“We didn’t think it would be fair to the players on either team to have to play in water over their ankles,” Nadzak said Friday. “We didn’t think it would be fair to the crowd or anybody involved. It would not have been a good game in that kind of weather, under miserable conditions. A lot of people would have stayed home, and I think there’s a batter chance of people coming out to see Charlie Taaffe’s first football team on Sunday afternoon.”

The contest was rescheduled for 3:00 pm on Sunday. The corps of cadets marched to the game wearing duty uniforms, which no one in attendance could ever recall happening before. There was still rain in the vicinity at kickoff, but a decent crowd (given the circumstances) of 11,470 was on hand for the game anyway.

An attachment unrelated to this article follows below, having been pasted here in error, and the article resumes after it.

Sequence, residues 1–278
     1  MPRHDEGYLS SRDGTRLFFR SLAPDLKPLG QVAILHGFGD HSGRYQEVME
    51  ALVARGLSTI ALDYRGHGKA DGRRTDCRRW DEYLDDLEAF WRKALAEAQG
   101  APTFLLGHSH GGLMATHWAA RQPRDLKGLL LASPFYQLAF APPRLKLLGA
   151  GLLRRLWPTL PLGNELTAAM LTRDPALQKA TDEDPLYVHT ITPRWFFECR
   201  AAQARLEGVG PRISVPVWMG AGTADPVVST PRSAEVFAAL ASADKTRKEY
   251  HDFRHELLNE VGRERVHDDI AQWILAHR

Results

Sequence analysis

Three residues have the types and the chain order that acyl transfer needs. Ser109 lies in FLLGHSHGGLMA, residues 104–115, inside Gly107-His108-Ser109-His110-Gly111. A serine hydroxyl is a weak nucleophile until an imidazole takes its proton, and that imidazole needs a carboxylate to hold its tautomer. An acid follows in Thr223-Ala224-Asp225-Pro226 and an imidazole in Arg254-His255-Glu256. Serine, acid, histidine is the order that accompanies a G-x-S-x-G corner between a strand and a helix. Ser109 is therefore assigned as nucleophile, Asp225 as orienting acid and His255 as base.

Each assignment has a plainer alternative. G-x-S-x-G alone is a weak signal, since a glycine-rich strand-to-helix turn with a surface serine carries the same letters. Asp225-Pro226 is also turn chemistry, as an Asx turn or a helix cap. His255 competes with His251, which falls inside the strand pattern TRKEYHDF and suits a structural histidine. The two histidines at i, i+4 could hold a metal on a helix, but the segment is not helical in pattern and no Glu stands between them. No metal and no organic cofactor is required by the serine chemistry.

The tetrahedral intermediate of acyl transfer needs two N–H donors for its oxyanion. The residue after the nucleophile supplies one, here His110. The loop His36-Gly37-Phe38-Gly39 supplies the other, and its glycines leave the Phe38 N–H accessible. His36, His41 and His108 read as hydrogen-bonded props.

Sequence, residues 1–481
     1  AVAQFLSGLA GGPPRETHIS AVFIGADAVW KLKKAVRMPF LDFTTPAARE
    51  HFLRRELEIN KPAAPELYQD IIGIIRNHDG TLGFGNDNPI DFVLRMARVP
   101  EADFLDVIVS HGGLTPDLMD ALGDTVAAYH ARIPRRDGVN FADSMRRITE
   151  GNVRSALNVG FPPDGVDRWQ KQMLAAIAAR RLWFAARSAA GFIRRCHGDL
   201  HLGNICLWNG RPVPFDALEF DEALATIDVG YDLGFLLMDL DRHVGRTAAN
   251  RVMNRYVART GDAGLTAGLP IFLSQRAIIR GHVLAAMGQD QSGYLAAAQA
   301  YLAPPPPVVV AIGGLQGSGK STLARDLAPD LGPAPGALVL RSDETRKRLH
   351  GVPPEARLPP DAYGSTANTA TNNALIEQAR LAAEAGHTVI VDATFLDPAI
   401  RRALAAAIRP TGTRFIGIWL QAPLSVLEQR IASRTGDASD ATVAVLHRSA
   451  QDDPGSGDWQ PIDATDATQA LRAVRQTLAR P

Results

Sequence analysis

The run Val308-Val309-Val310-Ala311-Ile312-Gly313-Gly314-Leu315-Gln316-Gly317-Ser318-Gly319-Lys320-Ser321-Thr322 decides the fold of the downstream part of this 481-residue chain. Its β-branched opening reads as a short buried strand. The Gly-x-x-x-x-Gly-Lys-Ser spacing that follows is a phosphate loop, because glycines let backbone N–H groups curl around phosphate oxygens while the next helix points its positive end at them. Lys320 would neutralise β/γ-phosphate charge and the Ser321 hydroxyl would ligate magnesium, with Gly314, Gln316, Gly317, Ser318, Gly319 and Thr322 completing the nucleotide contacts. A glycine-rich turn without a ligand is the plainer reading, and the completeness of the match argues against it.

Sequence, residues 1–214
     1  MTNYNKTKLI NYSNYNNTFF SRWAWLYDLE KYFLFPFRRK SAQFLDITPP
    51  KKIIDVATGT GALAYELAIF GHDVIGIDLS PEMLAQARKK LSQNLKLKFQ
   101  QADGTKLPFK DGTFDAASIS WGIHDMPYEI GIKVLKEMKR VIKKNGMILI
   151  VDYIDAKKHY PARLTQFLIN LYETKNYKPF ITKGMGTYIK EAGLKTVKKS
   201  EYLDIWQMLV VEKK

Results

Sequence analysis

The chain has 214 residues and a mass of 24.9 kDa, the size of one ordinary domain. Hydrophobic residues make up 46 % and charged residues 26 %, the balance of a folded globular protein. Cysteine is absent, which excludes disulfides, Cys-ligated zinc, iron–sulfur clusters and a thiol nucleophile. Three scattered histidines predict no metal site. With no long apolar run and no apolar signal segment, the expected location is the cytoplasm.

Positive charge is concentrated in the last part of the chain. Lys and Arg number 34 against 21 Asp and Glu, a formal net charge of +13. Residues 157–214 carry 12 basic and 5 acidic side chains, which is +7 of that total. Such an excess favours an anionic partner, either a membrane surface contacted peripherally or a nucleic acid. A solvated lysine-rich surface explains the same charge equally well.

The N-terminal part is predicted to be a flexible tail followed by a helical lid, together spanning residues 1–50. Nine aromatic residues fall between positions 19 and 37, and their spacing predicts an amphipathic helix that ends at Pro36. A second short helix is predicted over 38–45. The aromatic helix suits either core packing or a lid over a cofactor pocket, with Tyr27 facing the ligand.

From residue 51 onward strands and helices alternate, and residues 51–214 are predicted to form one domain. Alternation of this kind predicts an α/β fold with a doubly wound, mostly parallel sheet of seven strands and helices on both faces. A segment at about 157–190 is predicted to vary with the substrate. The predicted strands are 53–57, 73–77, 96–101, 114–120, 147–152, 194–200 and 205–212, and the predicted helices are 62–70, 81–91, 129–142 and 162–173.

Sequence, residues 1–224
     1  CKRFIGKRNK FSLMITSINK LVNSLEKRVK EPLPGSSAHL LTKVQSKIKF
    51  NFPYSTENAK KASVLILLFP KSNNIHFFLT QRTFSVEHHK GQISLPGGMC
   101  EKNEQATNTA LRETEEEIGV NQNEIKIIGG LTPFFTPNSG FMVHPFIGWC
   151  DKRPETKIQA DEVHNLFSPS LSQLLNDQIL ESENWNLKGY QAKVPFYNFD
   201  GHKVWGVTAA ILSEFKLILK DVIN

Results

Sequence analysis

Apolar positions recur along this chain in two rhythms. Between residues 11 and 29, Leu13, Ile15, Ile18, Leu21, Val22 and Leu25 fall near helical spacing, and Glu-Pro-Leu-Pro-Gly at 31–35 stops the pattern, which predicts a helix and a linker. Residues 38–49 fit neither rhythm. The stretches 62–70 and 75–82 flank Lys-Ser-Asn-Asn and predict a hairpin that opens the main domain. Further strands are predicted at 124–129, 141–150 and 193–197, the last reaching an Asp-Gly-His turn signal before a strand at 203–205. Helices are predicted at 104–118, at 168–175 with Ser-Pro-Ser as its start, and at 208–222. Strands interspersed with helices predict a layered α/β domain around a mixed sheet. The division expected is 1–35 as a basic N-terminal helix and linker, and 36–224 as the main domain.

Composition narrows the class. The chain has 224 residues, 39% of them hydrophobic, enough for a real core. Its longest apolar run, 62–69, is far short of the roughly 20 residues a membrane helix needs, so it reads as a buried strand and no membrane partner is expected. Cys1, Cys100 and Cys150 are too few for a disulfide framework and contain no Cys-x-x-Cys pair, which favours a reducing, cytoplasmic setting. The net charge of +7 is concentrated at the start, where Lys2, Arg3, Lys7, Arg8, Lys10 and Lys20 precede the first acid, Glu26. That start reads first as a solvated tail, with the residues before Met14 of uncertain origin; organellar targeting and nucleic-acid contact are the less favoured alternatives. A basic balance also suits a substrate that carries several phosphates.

By the time the second half began, the sun had made an appearance. Charlie Taaffe’s wishbone attack had made its appearance much earlier. Fourteen different Bulldogs ran with the football that day, led by Tom Frooman.

Frooman had 101 yards rushing (on only nine carries), then a career high, and scored on the second play from scrimmage, taking the ball from Tommy Burriss on a misdirection play and rumbling 67 yards for a TD. The Citadel won the game 38-0; others in the statistical record included Anthony Jenkins (who intercepted a pass and returned it 33 yards, setting up a touchdown) and Gene Brown (who scored the final TD of the game on a 16-yard keeper).

The Citadel’s offense ran 84 plays from scrimmage (compared to the Terriers’ 42) and rushed for 384 yards, controlling the clock to an enormous degree (44:16 time of possession).